A century later, Citroën plans another Sahara crossing – with electric vehicles

by admin February 11, 2020 at 8:42 pm

In mid-December of 1922, Citroën had what it called “the audacity” to attempt to drive motorized vehicles across the Sahara. The drive south across the African desert to Timbuktu (English spelling of the historic stop on the medieval trading route) covered nearly 1,970 miles and 21 days.

On February 5 during the Retromobile collector car celebration in Paris, Citroën announced that it would send not only two replicas of the five original half-track vehicles, a Golden Scarab and Silver Crescent, on a centennial re-creation of the trip, but that also making the drive would be a fleet of standard-production electric vehicles.

Citroën stand at Retromobile 2020 in Paris

Citroën stand at Retromobile 2020 in Paris

The “E.Pic” drive is planned for December 19, 2022, to January 7, 2023, and the support vehicles will be from the 2022 model year production range. Citroën also promised that present at the starting line will be a new futuristic concept car.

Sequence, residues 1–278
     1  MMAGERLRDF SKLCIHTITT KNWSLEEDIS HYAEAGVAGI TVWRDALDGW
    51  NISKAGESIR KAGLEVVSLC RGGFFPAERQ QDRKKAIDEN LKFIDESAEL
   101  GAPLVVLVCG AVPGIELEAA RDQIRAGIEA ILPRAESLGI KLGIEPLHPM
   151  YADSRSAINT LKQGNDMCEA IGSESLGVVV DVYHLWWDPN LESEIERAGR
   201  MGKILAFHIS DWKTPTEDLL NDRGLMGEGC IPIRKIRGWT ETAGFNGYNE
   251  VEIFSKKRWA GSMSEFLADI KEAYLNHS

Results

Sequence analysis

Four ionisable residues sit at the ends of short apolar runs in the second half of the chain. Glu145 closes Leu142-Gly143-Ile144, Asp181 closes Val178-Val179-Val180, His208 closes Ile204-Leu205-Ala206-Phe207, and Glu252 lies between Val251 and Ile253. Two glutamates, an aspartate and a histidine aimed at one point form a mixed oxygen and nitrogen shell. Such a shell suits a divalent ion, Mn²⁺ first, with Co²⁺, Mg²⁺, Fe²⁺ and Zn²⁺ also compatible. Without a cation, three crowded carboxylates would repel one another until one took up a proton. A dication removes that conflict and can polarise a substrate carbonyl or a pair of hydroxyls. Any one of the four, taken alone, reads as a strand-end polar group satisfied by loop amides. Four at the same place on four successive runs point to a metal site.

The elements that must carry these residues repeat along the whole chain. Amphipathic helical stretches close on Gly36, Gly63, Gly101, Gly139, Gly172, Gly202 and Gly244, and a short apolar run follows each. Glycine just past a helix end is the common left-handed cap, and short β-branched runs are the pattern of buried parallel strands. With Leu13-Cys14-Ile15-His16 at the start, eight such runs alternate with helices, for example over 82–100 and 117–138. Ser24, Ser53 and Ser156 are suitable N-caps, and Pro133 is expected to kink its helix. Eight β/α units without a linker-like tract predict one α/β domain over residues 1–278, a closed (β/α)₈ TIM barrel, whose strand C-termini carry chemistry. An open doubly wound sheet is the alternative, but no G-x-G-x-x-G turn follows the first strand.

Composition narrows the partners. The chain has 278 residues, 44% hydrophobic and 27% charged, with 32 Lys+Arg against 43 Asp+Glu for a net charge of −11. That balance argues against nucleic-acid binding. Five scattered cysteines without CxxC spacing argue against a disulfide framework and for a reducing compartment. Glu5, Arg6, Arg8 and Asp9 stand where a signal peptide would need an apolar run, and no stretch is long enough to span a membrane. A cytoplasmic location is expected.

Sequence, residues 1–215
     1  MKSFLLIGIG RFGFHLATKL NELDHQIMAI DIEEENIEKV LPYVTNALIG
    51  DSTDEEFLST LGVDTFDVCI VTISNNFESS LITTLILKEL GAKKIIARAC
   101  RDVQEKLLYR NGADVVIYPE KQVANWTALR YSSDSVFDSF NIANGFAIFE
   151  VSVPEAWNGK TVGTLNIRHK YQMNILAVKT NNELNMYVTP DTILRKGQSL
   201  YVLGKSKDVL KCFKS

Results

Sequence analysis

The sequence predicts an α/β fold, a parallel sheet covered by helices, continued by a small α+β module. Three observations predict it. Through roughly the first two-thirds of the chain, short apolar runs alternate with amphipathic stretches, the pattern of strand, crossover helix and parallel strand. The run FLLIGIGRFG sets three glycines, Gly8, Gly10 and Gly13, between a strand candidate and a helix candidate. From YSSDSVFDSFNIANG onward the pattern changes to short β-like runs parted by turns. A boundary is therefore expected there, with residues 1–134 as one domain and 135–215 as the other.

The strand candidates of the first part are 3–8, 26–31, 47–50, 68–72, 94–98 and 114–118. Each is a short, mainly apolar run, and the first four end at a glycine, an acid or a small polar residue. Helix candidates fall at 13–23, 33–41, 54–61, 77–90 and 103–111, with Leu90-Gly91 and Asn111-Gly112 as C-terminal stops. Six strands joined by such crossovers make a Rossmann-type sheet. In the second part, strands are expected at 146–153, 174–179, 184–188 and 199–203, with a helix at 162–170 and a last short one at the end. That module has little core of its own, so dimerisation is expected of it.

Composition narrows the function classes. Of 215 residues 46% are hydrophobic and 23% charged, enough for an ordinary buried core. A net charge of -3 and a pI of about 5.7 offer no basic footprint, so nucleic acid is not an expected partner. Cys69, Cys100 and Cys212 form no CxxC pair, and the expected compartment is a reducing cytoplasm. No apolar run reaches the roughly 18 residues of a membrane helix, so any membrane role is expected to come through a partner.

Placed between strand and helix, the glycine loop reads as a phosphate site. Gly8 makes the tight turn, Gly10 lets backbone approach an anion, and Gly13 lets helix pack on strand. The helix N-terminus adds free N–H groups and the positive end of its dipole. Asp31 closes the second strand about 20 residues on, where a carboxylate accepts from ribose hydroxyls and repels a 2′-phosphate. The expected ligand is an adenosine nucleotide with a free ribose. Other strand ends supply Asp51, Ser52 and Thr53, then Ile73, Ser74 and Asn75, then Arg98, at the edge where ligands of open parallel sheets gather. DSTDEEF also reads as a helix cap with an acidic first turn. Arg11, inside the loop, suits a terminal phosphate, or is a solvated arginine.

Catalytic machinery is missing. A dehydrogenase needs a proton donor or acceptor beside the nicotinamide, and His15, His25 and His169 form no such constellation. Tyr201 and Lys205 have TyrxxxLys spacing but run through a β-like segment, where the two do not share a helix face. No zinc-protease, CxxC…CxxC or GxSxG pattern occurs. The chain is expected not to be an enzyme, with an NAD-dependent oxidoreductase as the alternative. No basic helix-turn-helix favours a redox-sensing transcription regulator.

A reproduction of the Golden Scarab is on display at the Citroën stand at Retromobile 2020. The vehicle was built by students and teachers from French arts and crafts schools as part of the Citroën centennial celebration in 2019.

The Citroën convoy crosses the Sahara in 1922

The Citroën convoy crosses the Sahara in 1922

Each of the five Citroen half-track vehicles had a nickname for the original journey: Golden Scarab (Scarabee d’Or), Silver Crescent (Croissant d’Argent), Flying Turtle (Tortue Volante), Sacred Cow (Boeuf Apis) and Crawling Caterpillar (Chenille Rampante).

The original plan for the 1922 adventure was to leave the vehicles in Africa, but the trip went so well that the teams decided to drive the vehicles back to the Mediterranean coast.

1922 map from the Citroën archives

1922 map from the Citroën archives

This article, written by Larry Edsall, was originally published on ClassicCars.com, an editorial partner of Motor Authority.

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